When adjectives function as nouns denoting groups of people or things they are called substantivized adjectives. They can be partially substantivized (i.e. acquiring only some of the morphological characteristics of nouns) or fully substantivized (i.e. can be used with all articles).
Note 1:When a substantivized adjective denotes a group of people (e.g. the rich, the wise, etc.), it is always in the plural. If we want to indicate a single person or a number of persons, we must add a noun.
The old man receives a pension.
The young manis fishing.
Note 2:Some adjectives denoting nationalities and ending in - (i)sh: British, English, Irish, Welsh; in -ch: Dutch, French and in -ese: Chinese, Japanese, Portuguese and the adjective Swiss are used with the definite article to form a substantivized adjective in the plural: the English, the Japanese. In other cases we should use the + the plural form: the Canadians, the Russians, the Americans.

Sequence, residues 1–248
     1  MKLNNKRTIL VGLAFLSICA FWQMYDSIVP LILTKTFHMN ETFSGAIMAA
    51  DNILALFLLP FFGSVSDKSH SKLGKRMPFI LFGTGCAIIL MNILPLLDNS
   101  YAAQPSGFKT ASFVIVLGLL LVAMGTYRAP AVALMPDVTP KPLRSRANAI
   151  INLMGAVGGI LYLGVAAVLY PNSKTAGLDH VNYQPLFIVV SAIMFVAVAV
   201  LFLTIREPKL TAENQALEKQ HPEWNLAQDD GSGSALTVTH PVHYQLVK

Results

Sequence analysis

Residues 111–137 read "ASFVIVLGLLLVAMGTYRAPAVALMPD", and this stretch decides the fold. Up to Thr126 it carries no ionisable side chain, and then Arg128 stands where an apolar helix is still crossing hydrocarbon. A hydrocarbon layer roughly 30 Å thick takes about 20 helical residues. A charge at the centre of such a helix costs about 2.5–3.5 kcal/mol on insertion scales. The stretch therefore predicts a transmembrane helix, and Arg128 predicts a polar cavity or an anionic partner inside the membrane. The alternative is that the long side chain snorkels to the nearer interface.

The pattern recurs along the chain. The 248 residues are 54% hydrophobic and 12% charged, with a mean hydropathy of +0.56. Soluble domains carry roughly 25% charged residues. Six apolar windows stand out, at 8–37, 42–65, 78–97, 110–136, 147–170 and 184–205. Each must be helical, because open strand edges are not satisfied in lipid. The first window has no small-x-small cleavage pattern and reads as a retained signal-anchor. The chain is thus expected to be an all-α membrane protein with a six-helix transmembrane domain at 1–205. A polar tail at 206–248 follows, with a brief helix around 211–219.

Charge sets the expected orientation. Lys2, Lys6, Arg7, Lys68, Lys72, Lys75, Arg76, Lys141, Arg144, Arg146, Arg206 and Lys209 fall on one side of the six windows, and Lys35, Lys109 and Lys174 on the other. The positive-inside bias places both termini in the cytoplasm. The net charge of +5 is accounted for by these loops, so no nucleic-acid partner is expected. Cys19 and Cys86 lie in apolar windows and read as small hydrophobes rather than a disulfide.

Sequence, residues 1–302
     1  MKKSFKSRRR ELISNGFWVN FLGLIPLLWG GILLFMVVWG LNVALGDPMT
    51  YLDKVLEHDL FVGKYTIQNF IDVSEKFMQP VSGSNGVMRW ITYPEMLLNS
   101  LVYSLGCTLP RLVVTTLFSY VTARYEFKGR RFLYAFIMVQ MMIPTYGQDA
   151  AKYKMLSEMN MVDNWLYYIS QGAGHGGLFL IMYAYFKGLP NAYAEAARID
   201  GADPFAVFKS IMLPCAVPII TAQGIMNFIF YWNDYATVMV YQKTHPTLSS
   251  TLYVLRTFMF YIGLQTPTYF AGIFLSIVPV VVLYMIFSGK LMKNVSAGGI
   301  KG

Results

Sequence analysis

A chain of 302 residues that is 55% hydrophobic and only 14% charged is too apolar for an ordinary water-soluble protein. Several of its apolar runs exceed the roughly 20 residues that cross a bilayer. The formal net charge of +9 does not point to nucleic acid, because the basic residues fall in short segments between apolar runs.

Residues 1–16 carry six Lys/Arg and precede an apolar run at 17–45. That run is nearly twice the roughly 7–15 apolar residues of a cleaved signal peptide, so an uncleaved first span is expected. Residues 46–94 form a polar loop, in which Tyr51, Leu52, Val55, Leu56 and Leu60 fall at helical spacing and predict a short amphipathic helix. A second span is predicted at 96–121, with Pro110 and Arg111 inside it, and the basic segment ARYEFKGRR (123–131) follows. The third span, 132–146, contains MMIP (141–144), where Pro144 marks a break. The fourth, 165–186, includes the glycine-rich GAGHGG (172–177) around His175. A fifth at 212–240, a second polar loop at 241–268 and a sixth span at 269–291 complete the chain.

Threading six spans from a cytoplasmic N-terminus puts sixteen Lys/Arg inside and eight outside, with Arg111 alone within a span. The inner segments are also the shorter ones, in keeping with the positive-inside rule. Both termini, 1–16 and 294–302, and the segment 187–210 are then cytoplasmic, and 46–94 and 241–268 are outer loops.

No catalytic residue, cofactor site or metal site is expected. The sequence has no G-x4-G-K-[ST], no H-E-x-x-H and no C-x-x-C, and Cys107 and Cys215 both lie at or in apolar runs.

The Use of Articles with Abstract Nouns | The Use of Articles with Material Nouns | The Use of Articles with Predicative Nouns and Nouns in Apposition | Articles with Names of Seasons and Parts of the Day | Articles with Names of Meals | Names of Persons | Geographical Names | Calendar Items | THE ADJECTIVE | Patterns of Comparison |